Figs. 4 and 5 of the drawings illustrate a modcation of the invention in which two pairs of rollers are provided instead of the two single rollers illustrated in Fig. l. The rollers shown at 21 in Figs. 4 and 5 are carried on separate track plates of the configuration illustrated at 22 and they are simple cylindrical rollers supported in angular positions so that pipes of widely varying sizes may rbe supported by positioning the track plates 22 at dilerent spacing. In this modification, the track plates 22 are also connected to a channel-shaped bracket member 11 as by bolts 23 and nuts 24 similar to the bolts 1S and nuts 16 in the other modification. The pipe illustrated at 25 is supported between the pairs of rollers as shown in Fig. 5. The trunnions on the rollers 21 are shown at 26 as provided with .gear teeth and the surfaces of the track plates 22 upon which the trunnions ride are also toothed in the manner of a rack bar so that the teeth of the trunnions mesh with the teeth on the track plate and the rollers are thereby guided in their movement and prevented fromI twisting or skewing to positions of Irnisalignment with the pipe and track plates. It is to be understood, however, that the track plate may be used with or without the meshing gear teeth and also that such teeth can be provided on the modication illustrated in Figs. 1 to 3 if desired.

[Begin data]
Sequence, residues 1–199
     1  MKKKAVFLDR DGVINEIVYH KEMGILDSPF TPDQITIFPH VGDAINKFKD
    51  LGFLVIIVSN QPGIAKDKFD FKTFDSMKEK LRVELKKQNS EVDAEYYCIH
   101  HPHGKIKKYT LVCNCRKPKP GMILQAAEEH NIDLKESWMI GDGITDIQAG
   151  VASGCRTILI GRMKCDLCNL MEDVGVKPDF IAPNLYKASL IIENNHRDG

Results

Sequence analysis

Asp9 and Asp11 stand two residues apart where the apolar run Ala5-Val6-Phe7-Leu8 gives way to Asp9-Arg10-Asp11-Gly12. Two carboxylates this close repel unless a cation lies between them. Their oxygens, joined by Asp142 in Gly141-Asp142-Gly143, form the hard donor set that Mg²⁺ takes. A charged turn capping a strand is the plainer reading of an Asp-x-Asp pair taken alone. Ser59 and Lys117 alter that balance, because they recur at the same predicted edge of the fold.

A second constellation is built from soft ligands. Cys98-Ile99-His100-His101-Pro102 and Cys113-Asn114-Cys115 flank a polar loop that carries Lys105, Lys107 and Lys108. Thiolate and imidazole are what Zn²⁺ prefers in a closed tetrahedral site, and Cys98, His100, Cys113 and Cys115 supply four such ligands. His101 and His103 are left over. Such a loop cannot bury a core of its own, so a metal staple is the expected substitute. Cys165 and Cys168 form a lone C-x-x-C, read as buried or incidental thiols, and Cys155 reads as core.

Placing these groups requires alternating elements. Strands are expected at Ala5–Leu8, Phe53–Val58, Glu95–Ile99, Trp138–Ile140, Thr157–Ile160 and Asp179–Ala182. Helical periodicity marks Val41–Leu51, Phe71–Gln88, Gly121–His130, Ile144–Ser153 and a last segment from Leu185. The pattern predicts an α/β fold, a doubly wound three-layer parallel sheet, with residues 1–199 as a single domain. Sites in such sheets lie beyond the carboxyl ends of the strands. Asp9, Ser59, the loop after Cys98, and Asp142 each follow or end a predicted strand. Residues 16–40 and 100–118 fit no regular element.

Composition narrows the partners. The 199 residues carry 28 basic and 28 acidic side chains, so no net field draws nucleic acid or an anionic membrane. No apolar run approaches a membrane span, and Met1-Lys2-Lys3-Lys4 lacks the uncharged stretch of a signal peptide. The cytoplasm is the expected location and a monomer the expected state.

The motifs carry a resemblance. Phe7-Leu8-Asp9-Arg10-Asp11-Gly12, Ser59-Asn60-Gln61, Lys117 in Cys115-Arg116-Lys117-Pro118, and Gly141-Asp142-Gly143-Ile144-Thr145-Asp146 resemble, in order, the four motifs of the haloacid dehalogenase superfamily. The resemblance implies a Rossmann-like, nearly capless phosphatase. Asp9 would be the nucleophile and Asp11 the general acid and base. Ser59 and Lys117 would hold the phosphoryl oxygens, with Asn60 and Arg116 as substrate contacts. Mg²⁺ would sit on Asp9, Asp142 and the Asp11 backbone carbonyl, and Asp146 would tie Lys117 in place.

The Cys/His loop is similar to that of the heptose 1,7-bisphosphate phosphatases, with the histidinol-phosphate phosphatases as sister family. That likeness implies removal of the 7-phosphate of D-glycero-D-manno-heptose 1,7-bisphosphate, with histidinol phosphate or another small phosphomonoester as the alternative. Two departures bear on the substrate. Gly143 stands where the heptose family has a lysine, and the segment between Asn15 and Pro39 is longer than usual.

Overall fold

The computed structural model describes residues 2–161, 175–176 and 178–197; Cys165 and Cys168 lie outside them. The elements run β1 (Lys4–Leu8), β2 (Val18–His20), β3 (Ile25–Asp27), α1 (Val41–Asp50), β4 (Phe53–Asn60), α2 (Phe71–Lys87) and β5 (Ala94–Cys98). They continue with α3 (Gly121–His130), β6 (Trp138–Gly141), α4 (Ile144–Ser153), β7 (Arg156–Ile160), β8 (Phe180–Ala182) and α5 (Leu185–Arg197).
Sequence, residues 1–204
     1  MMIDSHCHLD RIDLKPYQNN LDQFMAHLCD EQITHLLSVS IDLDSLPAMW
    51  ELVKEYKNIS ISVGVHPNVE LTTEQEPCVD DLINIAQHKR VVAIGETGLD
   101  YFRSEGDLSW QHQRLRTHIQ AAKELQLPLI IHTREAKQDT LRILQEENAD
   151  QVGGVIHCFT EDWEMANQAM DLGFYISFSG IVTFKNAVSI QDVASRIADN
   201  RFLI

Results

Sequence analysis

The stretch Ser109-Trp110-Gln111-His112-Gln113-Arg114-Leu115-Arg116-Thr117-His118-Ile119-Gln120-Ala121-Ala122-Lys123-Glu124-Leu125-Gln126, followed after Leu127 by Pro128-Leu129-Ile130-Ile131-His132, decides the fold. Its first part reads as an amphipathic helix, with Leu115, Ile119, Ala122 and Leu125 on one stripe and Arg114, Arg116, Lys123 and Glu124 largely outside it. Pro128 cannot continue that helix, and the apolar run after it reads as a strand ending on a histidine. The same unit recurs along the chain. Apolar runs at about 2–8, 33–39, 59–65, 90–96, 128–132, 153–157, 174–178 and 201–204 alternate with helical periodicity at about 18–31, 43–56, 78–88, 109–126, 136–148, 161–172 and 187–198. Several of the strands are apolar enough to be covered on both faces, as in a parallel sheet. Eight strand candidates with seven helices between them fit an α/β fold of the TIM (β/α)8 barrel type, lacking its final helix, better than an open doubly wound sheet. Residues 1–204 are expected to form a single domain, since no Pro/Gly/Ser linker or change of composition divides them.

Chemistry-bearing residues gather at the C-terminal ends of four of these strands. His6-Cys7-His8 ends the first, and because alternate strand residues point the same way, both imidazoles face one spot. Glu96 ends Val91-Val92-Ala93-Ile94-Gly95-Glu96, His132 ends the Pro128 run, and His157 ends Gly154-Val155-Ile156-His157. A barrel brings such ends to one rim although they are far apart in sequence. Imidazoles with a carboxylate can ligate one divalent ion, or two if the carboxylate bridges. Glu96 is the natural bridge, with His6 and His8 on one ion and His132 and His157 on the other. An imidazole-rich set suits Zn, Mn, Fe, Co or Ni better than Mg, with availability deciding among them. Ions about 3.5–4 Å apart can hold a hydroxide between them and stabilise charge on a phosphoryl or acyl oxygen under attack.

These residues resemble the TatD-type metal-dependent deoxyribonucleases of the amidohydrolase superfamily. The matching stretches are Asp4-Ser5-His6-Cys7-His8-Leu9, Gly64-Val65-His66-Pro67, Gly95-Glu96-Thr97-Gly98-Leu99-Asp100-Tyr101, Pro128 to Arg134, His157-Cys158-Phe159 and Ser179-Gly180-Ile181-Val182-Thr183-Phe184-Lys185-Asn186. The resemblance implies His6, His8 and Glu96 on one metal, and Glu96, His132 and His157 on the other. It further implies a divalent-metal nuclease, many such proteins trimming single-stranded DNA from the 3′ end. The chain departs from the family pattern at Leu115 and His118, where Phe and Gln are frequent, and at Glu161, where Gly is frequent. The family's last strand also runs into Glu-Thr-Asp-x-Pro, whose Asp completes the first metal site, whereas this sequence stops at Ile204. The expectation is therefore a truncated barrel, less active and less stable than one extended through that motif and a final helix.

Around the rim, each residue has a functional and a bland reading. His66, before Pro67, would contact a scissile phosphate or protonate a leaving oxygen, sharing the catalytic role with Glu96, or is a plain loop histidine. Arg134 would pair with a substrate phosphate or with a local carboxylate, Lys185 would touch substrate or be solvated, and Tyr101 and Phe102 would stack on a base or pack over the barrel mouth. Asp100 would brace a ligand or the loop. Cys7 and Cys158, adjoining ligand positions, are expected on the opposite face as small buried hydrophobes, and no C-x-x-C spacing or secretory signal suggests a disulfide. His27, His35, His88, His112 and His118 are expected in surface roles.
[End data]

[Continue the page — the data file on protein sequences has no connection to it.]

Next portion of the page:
The modication illustrated in Figs. 4 and 5 has the advantages previously pointed out and also provides 3 thefurtheradvantage of beingiadjustable toraccommodateconduits throughout a widerange of sizes.